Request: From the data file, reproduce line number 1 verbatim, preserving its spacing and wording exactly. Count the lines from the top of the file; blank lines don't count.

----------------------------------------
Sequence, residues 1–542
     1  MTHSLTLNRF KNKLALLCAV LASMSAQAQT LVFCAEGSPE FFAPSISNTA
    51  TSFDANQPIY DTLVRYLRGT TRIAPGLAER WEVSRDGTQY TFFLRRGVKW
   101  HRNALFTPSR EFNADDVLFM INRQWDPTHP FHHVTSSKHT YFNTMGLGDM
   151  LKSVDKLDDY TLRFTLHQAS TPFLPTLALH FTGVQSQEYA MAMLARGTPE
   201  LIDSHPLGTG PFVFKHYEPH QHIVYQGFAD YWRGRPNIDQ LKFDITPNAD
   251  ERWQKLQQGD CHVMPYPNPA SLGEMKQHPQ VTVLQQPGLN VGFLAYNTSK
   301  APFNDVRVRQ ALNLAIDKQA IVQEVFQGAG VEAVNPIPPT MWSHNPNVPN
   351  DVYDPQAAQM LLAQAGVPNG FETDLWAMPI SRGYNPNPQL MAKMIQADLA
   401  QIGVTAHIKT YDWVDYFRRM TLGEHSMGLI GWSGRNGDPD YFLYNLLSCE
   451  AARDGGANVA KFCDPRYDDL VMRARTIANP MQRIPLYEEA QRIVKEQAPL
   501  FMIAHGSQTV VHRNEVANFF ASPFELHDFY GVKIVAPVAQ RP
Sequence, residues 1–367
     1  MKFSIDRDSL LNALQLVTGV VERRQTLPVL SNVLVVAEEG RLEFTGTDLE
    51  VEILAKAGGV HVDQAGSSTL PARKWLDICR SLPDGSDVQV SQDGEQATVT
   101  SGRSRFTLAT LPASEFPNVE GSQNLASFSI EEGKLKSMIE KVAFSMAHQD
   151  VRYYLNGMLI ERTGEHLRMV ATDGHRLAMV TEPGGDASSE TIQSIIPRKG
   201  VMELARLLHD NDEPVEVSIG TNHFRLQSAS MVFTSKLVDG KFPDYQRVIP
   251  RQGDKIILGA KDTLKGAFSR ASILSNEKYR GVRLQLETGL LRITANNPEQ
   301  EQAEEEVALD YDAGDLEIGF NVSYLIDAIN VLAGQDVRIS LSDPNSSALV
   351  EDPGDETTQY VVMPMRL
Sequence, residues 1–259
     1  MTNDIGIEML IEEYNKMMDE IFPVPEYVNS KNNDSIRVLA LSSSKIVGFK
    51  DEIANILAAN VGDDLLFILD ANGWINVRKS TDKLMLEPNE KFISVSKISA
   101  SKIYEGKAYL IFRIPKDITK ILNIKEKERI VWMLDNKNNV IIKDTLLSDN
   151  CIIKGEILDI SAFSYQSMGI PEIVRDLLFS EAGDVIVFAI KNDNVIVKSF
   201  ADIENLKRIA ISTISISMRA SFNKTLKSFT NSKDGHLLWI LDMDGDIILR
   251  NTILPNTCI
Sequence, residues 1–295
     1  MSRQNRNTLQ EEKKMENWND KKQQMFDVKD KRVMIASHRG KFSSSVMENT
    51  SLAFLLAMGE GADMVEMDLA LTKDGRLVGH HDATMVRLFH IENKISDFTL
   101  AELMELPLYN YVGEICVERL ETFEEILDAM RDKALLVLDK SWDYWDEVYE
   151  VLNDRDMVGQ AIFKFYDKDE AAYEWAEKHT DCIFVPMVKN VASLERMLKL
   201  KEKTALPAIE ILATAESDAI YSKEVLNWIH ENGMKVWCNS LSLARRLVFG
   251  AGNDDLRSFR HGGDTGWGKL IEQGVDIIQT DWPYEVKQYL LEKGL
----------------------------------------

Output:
Sequence, residues 1–542